Waterloo’s first gender equity hackathon draws women hackers
50 per cent of participants at #Equithon2017 were women looking for solutions to everything from gendered racism to mental health
50 per cent of participants at #Equithon2017 were women looking for solutions to everything from gendered racism to mental healthBy Candace Harrington Associate Director of Advancement, Faculty of Mathematics
It was a hackathon with a difference. Instead of a round-the-clock event dominated by male hackers - Waterloo’s first Equithon was structured across three days with no overnights - and 50 per cent of the hackers were women.
“I have been in the industry for 20 years and I have never seen an event like this. It is exciting to see the [gender] ratio in this room, the diversity,” said Lori Lalonde, Microsoft technical evangelist.
The Equithon took place from May 5-7 in support of Waterloo’s commitment to the UN Women’s HeForShe IMPACT initiative. One hundred hackers developed innovative solutions to address equity issues around five themes: Poverty and Equity, Gendered Racism, Women Empowerment, Mental Health, and Physical Disabilities.
Mentors from across the five fields joined the students to share their experiences, expertise, and insights. The event attracted the attention and participation of mentors from a number of equity organizations across Waterloo region, including Bridges to Belonging, KidsAbility, YWCA, Mary’s Place, and the University of Waterloo’s Peace and Conflict program.
“I wish that the tech industry looked like this audience,” said Jo Atlee, a computer science professor at Waterloo and Director of Women in Computer Science. “The average representation in industry is less than 20 per cent. That’s disappointing because these are financially rewarding careers that everyone deserves access to.”
The team’s solutions ranged from technology to help the elderly live independently, to a crowdsourcing solution to report accessibility problems in specific locations and facial recognition applications that help locate missing people through social media.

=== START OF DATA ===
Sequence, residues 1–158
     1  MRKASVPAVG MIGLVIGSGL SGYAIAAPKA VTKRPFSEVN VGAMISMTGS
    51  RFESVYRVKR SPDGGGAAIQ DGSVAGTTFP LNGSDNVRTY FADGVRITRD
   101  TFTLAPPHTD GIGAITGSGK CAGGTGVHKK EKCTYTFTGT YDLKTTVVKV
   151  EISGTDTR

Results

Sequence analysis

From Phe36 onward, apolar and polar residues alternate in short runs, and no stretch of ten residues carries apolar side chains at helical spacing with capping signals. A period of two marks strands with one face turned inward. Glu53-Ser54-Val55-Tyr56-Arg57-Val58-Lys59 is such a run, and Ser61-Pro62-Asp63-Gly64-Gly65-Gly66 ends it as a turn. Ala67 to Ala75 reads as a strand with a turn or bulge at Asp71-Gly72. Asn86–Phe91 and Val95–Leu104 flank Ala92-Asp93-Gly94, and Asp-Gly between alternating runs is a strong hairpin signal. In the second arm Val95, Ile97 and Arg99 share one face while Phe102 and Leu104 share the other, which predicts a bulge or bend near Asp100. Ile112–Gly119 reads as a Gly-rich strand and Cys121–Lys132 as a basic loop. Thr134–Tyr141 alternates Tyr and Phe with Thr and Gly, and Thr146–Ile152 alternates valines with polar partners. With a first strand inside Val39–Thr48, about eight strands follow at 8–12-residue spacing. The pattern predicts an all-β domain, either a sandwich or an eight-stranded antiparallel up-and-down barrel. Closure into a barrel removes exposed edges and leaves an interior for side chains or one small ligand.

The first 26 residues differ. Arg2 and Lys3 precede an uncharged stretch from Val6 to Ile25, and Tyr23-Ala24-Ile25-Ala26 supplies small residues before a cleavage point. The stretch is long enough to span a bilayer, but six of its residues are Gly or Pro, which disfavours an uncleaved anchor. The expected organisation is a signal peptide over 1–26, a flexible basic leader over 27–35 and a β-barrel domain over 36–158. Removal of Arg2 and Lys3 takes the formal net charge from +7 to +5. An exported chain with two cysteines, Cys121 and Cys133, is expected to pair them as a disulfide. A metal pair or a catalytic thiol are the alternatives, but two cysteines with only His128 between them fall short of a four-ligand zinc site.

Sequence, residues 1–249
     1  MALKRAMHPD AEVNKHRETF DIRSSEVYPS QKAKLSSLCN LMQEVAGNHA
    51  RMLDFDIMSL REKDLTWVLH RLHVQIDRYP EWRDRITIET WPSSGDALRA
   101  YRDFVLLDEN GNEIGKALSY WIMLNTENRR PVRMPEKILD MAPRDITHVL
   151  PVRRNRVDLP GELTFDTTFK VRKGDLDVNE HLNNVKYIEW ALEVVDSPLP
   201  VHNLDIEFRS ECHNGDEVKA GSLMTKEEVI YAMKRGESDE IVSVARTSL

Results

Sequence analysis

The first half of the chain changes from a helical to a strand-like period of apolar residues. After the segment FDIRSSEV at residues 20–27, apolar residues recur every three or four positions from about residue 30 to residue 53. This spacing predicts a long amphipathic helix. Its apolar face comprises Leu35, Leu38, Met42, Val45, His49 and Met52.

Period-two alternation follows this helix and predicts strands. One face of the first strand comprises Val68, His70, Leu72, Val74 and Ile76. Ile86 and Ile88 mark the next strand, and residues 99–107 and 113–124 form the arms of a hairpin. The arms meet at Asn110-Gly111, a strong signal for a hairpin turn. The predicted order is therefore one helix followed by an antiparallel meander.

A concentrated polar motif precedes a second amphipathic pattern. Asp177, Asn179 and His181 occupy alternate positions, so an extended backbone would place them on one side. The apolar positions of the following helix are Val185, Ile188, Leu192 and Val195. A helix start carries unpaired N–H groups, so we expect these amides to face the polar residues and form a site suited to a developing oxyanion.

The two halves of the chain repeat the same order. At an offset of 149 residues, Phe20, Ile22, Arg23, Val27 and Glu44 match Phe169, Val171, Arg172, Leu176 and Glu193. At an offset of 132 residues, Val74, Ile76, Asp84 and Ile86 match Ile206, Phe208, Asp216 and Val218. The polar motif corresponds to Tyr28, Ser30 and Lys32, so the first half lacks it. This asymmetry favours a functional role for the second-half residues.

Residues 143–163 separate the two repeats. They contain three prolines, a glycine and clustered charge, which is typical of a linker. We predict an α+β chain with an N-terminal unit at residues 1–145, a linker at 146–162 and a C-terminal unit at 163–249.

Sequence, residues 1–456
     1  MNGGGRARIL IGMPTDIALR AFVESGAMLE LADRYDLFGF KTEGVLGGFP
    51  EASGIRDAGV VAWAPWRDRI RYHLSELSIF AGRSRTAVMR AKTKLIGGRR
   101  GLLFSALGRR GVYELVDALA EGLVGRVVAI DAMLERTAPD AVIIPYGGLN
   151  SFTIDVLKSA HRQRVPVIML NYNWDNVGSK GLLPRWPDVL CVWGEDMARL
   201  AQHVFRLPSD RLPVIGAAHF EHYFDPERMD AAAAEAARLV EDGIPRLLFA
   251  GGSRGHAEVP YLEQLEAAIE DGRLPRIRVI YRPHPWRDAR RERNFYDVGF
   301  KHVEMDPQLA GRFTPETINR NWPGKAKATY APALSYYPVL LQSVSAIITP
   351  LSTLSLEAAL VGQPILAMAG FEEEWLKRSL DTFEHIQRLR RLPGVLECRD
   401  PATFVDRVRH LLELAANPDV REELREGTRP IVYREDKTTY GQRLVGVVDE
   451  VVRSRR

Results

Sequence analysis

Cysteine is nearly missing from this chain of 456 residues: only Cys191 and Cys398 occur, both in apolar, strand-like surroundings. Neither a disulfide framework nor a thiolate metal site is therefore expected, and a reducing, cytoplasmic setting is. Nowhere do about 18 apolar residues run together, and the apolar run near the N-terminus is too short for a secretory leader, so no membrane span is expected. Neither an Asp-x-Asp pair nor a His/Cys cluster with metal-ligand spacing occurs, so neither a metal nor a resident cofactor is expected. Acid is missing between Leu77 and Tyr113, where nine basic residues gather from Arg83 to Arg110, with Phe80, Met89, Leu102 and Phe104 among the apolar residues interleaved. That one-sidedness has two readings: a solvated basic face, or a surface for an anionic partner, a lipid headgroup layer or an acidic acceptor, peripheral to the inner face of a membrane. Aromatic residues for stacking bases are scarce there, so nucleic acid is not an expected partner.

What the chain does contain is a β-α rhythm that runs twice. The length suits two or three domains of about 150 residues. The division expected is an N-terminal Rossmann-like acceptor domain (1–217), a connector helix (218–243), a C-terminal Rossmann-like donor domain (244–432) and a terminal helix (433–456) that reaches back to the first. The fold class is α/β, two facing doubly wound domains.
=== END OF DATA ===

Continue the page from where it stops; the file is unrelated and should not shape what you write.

In her keynote address, Kitchener Waterloo MPP Catherine Fife said equity is about fairness - ensuring the same opportunities are available for everyone.
"You are doing the right thing by being here. It’s not a women’s problem, it’s not a women’s issue. Every team deserves to have a woman on it." - Catherine Fife, Kitchener Waterloo MPP
The idea for the Equithon originated when Meaghen Vydelingum, a fourth-year mathematics student, suggested it during a faculty HeForShe working group meeting. After Vydelingum brought it up a second time, Atlee said:“I told her that if she really wanted to do it, I would support her.”
Computer science student, Jia Ying Lin, thanked Vydelingum for creating the Equithon. “I am not a hacker,” said Ying Lin. “But when I learned about this opportunity, I realized that I could actually see myself in the field. For the first time I was able to connect something I care about with something I am studying. ”
Winners of inaugural Equithon were: Raphael Tang and Joey Cam for their program that translates complex English sentences to simple phrases to empower people who have limited literacy or for whom English is a second language. They competed under the Poverty & Equity challenge set.
Finalists in the category of Gendered Racism were: Aditya Tharral, Colin Marsch, Lucas Liepert, and Soumya Chaudhari. Finalists in the category of Mental Health were: Meng Dong, Cheng Ji, Lin Ai, and Ena Yu. Finalists in the category of Physical Disabilities were: Nikola Valcic, Leanne Stuive, Sukhpreet Chuhan, and Ioan Dan Tataru. Finalists in the category of Women Empowerment were: Qi Shu, Lu Wang, Xidong Chen, and Dongchen Tang.
The University of Waterloo acknowledges that much of our work takes place on the traditional territory of the Neutral, Anishinaabeg and Haudenosaunee peoples. Our main campus is situated on the Haldimand Tract, the land granted to the Six Nations that includes six miles on each side of the Grand River. Our active work toward reconciliation takes place across our campuses through research, learning, teaching, and community building, and is centralized within our Office of Indigenous Relations.